WASHINGTONWhich East African lake that drains into the Ruzizi River contains large quantities of dissolved methane gas that could generate electricity for millions of people?
After answering that question correctly (Lake Kivu, duh), Rishi Nair, a 12-year-old from Florida, was crowned winner of the 28th National Geographic Bee. Nair bested nine other finalists in a game show format competition hosted at National Geographic headquarters in Washington, D.C., Wednesday.
The competition is open to grades four through eight, and the finalists ranged in age from 10 to 14 years old. This year's bee began with a field of two and a half million contestants from 11,000 schools across the U.S.
"These kids aren't just smart, they care about the world," journalist and humorist Mo Rocca—who hosted the competition for the first time this year—told the capacity crowd at National Geographic.
For winning, Nair scored a $50,000 college scholarship, a lifetime membership to the National Geographic Society, and an all-expenses-paid trip for two to southeast Alaska. Hosted on the Lindblad Expeditions ship National Geographic Sea Lion, the trip was designed to recognize the hundredth anniversary of the U.S. National Park Service and includes a stop in scenic Glacier Bay National Park.
In addition, Nair's parents have promised him a new iPhone, a trip to Switzerland (he's been learning German), and a golden retriever puppy.
"I'd like to thank my mom for [helping me prepare] and for everything she's done since I was born," Nair said after his big win. "I love you, mom," he said, before biting his medal.
The bee was founded in 1989 to improve geographic literacy among students. "Geography is about more than places on our map, it's about the interconnection of our world," said National Geographic Society President and CEO Gary Knell before the final rounds began. He pointed to a recent survey that found three of four American eighth graders lack basic proficiency in the subject.
But not these kids. They nailed questions on Poland's currency (zloty), the official religion of Mauritania (Islam), and the biggest city on Prince William Sound (Valdez).
Fourteen-year-old Saketh Jonnalagadda from Massachusetts secured second place and a $25,000 scholarship. He said he felt "awesome" during the competition and not at all nervous. In third place, with a $10,000 scholarship prize, was Kapil Nathan, a sixth grader from Alabama.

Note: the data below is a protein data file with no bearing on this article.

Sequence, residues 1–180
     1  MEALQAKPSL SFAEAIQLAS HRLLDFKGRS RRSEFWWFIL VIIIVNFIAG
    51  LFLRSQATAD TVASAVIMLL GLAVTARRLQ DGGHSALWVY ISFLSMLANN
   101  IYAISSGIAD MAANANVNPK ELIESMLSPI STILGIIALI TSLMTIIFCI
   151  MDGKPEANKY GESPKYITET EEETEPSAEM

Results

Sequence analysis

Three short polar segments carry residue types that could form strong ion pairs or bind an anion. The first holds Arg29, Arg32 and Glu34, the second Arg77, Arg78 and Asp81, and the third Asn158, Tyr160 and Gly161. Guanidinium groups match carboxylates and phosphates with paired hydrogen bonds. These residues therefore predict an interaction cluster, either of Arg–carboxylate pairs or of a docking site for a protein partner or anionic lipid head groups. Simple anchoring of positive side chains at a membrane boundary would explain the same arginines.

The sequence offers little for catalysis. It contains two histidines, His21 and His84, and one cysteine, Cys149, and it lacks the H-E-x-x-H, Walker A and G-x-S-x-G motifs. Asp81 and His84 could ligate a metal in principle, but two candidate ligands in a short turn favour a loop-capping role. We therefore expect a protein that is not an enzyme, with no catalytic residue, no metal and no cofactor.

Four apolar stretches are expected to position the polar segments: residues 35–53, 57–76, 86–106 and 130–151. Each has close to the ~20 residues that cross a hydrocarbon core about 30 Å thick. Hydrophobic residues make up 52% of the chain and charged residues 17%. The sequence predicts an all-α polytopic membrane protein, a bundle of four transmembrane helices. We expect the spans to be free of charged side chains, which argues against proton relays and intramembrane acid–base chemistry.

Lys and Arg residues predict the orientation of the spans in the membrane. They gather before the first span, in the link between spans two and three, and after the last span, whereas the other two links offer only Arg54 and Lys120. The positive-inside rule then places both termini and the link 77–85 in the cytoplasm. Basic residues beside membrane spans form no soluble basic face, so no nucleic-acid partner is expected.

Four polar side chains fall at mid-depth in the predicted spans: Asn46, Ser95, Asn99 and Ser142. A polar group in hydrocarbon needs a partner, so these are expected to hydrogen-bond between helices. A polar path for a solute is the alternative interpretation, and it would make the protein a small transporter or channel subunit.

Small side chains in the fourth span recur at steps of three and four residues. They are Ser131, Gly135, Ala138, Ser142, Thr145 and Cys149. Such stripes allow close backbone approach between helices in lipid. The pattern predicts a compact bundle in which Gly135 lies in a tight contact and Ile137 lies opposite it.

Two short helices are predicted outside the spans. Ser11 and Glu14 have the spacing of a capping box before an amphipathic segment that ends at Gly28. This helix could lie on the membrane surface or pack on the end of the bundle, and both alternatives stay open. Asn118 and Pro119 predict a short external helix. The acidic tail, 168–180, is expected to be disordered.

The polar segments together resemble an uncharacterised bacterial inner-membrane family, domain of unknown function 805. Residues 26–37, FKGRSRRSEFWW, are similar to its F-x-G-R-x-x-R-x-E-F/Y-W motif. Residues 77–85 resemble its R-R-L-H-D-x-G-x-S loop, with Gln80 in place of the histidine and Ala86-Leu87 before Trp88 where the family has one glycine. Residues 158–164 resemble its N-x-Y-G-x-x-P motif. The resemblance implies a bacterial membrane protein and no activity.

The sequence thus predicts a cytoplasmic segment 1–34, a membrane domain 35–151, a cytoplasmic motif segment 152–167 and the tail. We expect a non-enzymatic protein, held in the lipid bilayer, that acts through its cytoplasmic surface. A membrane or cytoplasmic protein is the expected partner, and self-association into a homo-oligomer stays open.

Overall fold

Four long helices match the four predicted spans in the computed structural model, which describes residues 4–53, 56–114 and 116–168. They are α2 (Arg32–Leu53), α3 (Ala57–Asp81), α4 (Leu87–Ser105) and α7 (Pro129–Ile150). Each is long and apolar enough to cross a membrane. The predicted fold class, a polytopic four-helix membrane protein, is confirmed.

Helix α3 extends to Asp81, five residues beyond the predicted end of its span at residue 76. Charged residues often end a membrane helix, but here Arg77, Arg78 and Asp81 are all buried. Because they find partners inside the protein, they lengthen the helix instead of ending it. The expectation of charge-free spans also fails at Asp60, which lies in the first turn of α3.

The tense final rounds included several lead changes and a successful challenge by Grace Rembert of Montana, who was awarded a point for answering Baja when the judges wanted Baja California. You can see the action yourself on the National Geographic Channel and Nat Geo WILD at 8 p.m. ET/PT on Friday, May 27. (Read about last year's competition.)
Seventeen of the 54 finalists competing this week had made it to the national competition in past years. One, Mika Ishii of Hawaii, competed at the national level for the fourth time. Rembert competed for her third time.
After the students' impressive first round, on U.S. geography, Rocca said, "That is how you bee." He added, "If this were a grammar bee I would be fired for saying that, but it's not."
Lucas Eggers, who competed in the finals from Minnesota, said he refers to himself as a geonerd. "I see that as indistinguishable from a geogeek," he quipped.
In addition to those previously mentioned, the other finalists this year included Rishi Kumar from Maryland, Samanyu Dixit from North Carolina, Ashwin Sivakumar from Oregon (pronounced to rhyme with gin, not Bonn, he noted), Pranay Varada from Texas, and Thomas Wright from Wisconsin. Many more students will compete in future years; Alex Trebek, who hosted the National Geographic Bee for 25 years, recently endowed the program to keep it going in perpetuity.
Test your own geography knowledge with the quiz on this page, the GeoBee Challenge online, or through the National Geographic GeoBee Challenge app.
Watch the competition on the National Geographic Channel and Nat Geo WILD at 8 p.m. ET/PT on Friday, May 27.